Shrinking Arctic Icecaps

What Are They Doing?

The terminus of a glacier near Kangerlussuaq, GreenlandThe terminus of a glacier near Kangerlussuaq, Greenland The retreat of glaciers is one of the most profound visual signs of global warming. Identifying the current magnitude of glacier retreat and its significance in the longer-term context of glacier history encourages a deeper understanding of what it means for society. The goal of this project was to provide a longer-term context for current climate warming and to better define the nature of abrupt climate changes over the past 5000 years in the Arctic.

The research team applied complimentary techniques to both the preserved plants and rocks exposed at the foot of retreating glaciers in West Greenland. Radiocarbon-dating techniques were applied to the plants and the isotopic signature of recently exposed rock surfaces were determined, allowing researchers to determine the duration of ice-covered and ice-free conditions throughout the Holocene (the past 11,700 years since the end of the last major ice age). Combined, these two datasets explicitly date when the region was last as warm as present. Comparing climate reconstructions with on-going studies elsewhere will help to further define recent abrupt climate changes.

Where Are They?

A massive glacier in southwestern GreenlandA massive glacier in southwestern Greenland The team traveled to Albany, New York and then flew to Kangerlussuaq, in western Greenland. Research logistics were managed out of the communities of Kangerlussuaq and Maniitsoq. The team traveled into the field by helicopter, and once there, worked out of base camps that they traveled to on foot. Western Greenland is characterized by an arctic or subarctic climate, with temperatures ranging from between 5 and 18 degrees Celsius during the summer.


One of the many things that I have learned in this field season is that field researchers live a different daily rhythm than the daily grind we experience. Field researchers are very organized, revisit plans daily but in the end are at the mercy of mother nature. There have been very few times when our team actually followed 'Plan A' ~ today, is no different. Many of us at KISS, are anxious to get home to loved ones. Some people have been here for 3 months; I cannot even imagine how they slept last night. However, our flight home is on the C-130 - the same plane that needs to first go to...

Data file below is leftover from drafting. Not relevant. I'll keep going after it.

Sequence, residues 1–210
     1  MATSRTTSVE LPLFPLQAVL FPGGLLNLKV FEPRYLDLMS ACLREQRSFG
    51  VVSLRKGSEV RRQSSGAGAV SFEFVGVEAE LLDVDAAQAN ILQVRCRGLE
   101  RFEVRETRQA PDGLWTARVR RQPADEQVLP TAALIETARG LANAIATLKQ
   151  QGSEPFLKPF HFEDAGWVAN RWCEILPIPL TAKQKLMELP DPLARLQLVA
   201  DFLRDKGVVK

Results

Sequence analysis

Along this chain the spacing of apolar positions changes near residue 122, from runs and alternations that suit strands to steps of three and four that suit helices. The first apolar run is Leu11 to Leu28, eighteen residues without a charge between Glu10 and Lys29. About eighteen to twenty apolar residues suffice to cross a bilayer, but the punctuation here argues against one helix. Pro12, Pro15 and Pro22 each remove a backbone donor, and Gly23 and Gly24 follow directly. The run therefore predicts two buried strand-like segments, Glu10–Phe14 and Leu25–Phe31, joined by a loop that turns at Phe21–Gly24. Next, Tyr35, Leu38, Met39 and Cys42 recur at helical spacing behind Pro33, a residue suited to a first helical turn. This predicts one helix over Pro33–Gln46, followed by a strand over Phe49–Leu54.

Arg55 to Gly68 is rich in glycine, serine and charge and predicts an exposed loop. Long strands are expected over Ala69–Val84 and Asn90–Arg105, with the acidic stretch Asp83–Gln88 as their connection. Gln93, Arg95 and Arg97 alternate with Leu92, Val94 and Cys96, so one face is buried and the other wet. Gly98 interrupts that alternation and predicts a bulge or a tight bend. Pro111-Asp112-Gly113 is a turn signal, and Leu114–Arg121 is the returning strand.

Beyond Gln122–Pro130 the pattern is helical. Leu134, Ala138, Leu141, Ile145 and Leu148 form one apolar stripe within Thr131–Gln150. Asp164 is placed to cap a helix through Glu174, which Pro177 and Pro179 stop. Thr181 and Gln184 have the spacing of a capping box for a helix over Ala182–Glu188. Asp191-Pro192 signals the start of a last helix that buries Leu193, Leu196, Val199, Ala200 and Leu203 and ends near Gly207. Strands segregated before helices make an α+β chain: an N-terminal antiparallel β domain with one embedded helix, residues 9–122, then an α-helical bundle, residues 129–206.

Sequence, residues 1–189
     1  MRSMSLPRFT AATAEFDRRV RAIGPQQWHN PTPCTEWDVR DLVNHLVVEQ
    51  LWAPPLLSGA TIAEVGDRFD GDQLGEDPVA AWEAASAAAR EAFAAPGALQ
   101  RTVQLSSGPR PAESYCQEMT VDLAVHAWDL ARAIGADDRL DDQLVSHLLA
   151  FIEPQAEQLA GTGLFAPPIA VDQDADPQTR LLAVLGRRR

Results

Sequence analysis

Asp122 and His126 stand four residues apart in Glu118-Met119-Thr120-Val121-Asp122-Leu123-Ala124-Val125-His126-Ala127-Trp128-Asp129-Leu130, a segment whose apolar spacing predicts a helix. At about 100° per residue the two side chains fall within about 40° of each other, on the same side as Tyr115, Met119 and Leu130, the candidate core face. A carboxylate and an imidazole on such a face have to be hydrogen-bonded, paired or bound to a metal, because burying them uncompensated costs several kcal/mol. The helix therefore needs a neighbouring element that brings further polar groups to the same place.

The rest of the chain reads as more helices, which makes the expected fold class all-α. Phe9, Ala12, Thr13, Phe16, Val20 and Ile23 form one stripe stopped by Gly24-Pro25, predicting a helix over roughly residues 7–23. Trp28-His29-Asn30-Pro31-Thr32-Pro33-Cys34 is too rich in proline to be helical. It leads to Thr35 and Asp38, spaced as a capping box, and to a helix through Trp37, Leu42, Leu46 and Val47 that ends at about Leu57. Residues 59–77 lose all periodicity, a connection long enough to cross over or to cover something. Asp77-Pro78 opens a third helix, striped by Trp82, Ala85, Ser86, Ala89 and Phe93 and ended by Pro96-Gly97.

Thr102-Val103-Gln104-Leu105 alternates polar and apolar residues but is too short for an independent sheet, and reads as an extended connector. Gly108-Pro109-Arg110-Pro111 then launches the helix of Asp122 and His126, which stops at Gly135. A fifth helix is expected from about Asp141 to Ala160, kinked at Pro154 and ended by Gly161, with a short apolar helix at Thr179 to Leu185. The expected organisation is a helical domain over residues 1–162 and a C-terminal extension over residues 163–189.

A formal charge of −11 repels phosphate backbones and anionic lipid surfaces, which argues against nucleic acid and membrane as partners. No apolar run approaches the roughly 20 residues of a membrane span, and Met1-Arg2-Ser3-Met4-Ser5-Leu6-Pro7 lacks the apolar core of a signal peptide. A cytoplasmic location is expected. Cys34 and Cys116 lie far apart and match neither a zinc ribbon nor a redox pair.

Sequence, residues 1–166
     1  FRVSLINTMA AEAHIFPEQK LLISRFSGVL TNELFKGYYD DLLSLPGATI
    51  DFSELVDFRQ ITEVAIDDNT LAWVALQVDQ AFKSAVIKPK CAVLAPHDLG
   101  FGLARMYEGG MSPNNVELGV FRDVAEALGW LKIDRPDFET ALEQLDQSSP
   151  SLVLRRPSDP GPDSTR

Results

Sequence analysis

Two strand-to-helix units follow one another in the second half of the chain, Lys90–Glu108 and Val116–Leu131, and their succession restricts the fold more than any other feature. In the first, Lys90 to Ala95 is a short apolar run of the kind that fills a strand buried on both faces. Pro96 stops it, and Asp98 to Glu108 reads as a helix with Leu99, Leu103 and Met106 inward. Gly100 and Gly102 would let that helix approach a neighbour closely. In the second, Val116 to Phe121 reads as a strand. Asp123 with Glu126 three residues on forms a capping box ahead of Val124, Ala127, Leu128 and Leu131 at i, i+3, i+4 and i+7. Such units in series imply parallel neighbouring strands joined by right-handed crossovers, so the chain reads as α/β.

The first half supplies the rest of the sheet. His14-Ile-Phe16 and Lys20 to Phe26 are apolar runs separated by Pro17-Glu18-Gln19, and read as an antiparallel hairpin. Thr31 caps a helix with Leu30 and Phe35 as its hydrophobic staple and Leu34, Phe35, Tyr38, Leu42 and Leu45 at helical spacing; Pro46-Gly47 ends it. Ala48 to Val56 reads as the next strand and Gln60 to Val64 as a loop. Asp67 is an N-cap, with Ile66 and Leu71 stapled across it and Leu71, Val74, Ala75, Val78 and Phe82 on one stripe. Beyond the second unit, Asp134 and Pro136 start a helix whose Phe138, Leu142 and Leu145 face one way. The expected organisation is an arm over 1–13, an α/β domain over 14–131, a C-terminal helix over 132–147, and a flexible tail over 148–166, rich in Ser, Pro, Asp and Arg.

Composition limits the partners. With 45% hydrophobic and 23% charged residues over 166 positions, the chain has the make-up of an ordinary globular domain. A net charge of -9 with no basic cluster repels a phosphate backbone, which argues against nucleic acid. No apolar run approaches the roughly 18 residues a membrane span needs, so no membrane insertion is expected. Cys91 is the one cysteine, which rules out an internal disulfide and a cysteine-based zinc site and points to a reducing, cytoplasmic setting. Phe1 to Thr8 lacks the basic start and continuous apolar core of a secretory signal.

We arrived at the KISS building (Kangerlussuaq International Science Support) on August 19th and needed to layover until August 22nd to catch the last south bound flight on the C-130. The LC-130: Our 'taxi' home Kangerlussuaq is found in western Greenland and is located on the northeast end of the Sondre Stromfjord. Kangerlussuaq was founded in 1941 by the establishment of an U.S. air force base. Sugarloaf in the background Staying at the KISS building is a wild experience. It is a dormitory layout and there are scientists coming and going all the time. Jason, Alia and I...
I am not sure how much sleep any of us got last night. Today, we pulled out of base camp 2 and field season came to an end. We needed to meet at 7 am with bags packed; not a problem for me, I think I was up by 5. As usual, this amazing place always has something new to share. As I came out of the tent, the landscape was splashed with the most amazing light from the morning sun. Sunrise at Base Camp 2 - our final farewell I glanced up at Lil' Nug glacier - the mere toe of a glacier that is no longer. I wonder how much longer this glacier will be in existence. Lil' Nug is one of the...
Can you spot our camp across the lake?
With only 2 days left to field season, we needed to make the best of every opportunity. We came to breakfast with daypacks ready to go, had a bite of food and some coffee and away we went in search of erratics on moraines. Base Camp 2 - Lil' Nug Camp Hiking to moraines is spectacular, grueling and deceptive. In the distance, moraines look like little hills that one can easily walk up and over. However, this 8 mile hike took us almost 11 hours. Nothing is 'little' in Moraine-ville. What do you see on the landscape beyond the stream? As we walked past our own El Capitan, the...